Gather ’round, all my Goth friends, I have a present for you today. Are you tired of watching The Crow over and over? Have you exhausted the entire Tim Burton catalogue? Then why don’t you look to decades past for tales of dark intrigue? And, here, I have the perfect choice.
The 1961 film The Innocents is perhaps the archetypal gothic horror story. It has all the necessary ingredients for a big pot of psychological terror: a large, empty mansion in the middle of the British countryside; a self-obsessed, ever-absent master of the house; an unstable, needy spinster (well, a woman of a certain age, let us say) as governess; and two cute, precocious, possibly telepathic and sociopathic youngsters. To this stew, add a thick dollop of repression and Freudian sexual obsession. Then let it simmer and wait for the inevitable explosion.
Based on Henry James’ classic 1898 novella “The Turn of the Screw,” this tale has been interpreted several times into many different media—opera, ballet, films as well as various television adaptations. The Innocents is perhaps the best and most well regarded version of this classic story.
Miss Giddens (a marvelous Deborah Kerr) interviews with a solipsistic English gentleman for a position as governess for his young niece and nephew. She will have complete control and responsibility for both children and every aspect of their lives. They will live, almost totally alone, on his massive estate in the British countryside…a location with dark secrets of its own. Though this is her first position and it seems a bit overwhelming, Miss Giddens is persuaded by the children’s pushy, yet charming, uncle. From this first meeting, it’s clear that Miss Giddens isn’t quite right, but no matter. The uncle decides he wants her and, well, that’s that. And, oh, one more thing: She must never speak of Miss Jessel, the children’s previous governess, who died mysteriously. Never.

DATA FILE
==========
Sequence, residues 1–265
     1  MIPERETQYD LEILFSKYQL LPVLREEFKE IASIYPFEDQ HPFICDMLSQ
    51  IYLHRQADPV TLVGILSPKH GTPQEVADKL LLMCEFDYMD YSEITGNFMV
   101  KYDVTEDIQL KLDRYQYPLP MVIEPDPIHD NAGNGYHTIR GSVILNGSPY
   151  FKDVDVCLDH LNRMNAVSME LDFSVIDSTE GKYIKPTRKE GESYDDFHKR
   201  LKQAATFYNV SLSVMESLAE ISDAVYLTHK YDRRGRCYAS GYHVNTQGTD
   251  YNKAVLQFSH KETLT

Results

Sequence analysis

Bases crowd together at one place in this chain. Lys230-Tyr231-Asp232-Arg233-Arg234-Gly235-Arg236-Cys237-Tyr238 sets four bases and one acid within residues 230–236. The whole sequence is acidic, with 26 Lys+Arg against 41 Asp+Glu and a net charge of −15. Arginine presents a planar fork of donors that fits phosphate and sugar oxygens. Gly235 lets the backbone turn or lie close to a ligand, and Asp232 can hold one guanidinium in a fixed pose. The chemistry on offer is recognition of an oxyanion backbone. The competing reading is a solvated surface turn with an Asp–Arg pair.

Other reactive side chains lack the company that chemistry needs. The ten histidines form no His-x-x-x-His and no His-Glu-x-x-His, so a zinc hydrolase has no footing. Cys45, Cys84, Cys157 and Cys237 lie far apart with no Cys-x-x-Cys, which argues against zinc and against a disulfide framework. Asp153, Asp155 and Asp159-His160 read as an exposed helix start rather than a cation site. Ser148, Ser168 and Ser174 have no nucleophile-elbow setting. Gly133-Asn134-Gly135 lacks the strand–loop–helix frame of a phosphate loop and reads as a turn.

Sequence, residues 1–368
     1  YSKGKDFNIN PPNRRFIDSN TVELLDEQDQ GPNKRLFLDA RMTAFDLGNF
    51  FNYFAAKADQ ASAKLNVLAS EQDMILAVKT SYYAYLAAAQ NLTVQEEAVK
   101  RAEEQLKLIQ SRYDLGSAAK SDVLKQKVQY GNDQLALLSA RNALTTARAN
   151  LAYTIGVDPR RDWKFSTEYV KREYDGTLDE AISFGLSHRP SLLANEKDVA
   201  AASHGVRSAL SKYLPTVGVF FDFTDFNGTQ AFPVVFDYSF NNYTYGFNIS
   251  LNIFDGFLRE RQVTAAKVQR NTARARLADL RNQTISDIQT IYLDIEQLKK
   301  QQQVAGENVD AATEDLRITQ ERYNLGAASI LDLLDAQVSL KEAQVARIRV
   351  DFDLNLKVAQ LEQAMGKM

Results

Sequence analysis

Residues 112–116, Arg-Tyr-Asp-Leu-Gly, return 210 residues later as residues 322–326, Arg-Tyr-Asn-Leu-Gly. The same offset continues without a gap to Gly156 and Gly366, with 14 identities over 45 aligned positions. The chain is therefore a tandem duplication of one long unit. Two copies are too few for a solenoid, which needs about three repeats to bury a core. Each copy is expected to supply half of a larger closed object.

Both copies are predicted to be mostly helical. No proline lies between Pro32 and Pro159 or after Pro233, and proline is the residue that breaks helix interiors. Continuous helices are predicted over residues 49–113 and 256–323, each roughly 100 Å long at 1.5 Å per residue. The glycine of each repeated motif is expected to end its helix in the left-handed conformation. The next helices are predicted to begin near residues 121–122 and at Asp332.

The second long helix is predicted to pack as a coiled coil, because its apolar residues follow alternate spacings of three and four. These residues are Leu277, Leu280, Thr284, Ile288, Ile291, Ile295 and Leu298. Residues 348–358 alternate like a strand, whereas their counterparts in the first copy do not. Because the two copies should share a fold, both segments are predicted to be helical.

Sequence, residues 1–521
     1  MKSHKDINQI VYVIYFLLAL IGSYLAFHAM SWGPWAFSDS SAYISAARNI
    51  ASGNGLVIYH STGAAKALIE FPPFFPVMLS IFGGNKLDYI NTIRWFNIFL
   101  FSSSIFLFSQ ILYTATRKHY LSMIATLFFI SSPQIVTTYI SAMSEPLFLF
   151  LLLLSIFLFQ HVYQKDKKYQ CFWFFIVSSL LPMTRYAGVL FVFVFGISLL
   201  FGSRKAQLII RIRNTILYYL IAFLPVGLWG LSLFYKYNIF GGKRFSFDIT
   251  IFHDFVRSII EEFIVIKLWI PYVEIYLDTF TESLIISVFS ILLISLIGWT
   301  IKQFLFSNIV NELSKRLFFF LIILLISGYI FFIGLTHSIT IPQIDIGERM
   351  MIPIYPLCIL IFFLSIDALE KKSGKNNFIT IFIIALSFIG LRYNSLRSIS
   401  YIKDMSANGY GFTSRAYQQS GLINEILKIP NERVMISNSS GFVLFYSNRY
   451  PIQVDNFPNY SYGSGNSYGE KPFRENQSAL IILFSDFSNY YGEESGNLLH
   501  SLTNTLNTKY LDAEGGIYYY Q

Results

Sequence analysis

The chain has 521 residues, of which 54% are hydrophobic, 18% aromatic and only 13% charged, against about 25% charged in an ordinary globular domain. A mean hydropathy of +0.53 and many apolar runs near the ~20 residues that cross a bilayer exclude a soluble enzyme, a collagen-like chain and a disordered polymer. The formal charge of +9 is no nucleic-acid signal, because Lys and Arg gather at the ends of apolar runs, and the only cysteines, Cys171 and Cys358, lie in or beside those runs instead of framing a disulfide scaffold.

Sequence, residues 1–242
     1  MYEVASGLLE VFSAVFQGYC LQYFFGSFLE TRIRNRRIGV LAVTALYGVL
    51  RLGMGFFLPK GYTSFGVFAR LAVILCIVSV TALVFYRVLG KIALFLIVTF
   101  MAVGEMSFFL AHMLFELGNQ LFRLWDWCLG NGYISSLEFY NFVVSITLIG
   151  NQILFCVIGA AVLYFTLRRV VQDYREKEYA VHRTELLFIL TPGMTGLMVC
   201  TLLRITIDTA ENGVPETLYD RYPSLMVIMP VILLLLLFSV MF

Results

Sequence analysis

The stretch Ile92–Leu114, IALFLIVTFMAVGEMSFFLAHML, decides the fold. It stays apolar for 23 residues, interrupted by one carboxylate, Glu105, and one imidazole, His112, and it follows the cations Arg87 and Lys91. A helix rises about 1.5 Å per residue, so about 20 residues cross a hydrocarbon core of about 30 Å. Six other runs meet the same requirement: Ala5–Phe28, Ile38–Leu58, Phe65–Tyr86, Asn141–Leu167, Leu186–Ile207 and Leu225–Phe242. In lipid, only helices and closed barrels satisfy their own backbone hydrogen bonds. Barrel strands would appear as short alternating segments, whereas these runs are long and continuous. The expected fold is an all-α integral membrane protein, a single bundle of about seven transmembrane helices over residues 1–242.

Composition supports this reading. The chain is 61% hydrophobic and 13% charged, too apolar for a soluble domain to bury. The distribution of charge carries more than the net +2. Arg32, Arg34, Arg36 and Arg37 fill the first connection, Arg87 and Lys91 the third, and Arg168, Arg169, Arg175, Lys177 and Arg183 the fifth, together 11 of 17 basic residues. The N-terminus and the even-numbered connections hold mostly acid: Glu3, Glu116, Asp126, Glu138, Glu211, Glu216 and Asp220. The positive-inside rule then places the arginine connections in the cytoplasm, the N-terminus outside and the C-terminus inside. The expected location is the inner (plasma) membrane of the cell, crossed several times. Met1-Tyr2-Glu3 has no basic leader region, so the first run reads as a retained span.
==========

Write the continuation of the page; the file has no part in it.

All seems wonderful as Miss Giddens arrives at the estate. She meets the niece, Flora (Pamela Franklin), an excitable, seemingly charming young girl. But as normal as Flora seems, she insists that, although no one has told her, she is certain her brother, Miles (Martin Stephens), will be returning home from school. Sure enough, a letter does arrive stating that Miles will be arriving soon, even though a school break is not upcoming. It seems Miles has been dismissed amid vague accusations of cruelty and torture. Again, no matter; Miles is even more charming than his sister. Constantly referring to Miss Giddens as “my dear,” Miles is an ingratiatingly cheeky young British gentleman. But he’s also kind of creepy—he says suggestive things and plays very rough. And sometimes it seems like he and his sister can read each other’s thoughts. But no matter; Miss Giddens will have these two back on track soon enough.
Soon, stories are flying around the manor house concerning suicide, physical and sexual abuse and depravity, ghosts from the past and, possibly, murder. As Miss Giddens’ hysteria and repression grow, the screw turns tighter. And it all ends in death.
The film is a wonderful tale told well. All the actors are very good, especially the children. The film’s script is quite dense and the kids have a lot of words to recite, as well as a wide range of emotions to convey. Deborah Kerr, here, is far away from her famous role in The King and I. She is the very picture of a repressed, hysterical spinster, and Kerr modulates her characterization expertly. We never know exactly which emotion is leading her personality until we need to. Although the film’s pacing is slow compared to today’s storytelling styles, it is exceedingly effective. For the era in which this film was made, director Jack Clayton moves the camera quite a bit. But he also knows how to compose a static shot as if it’s an oil painting. Also, the black and white cinematography is very sharp and quite attractive.
The Innocents is one of the best gothic horror films ever made. It’s clear that another of my favorite supernatural thrillers, The Haunting, which came along a couple of years later, owes quite a bit to this film.
But no matter, The Innocents is one of a kind.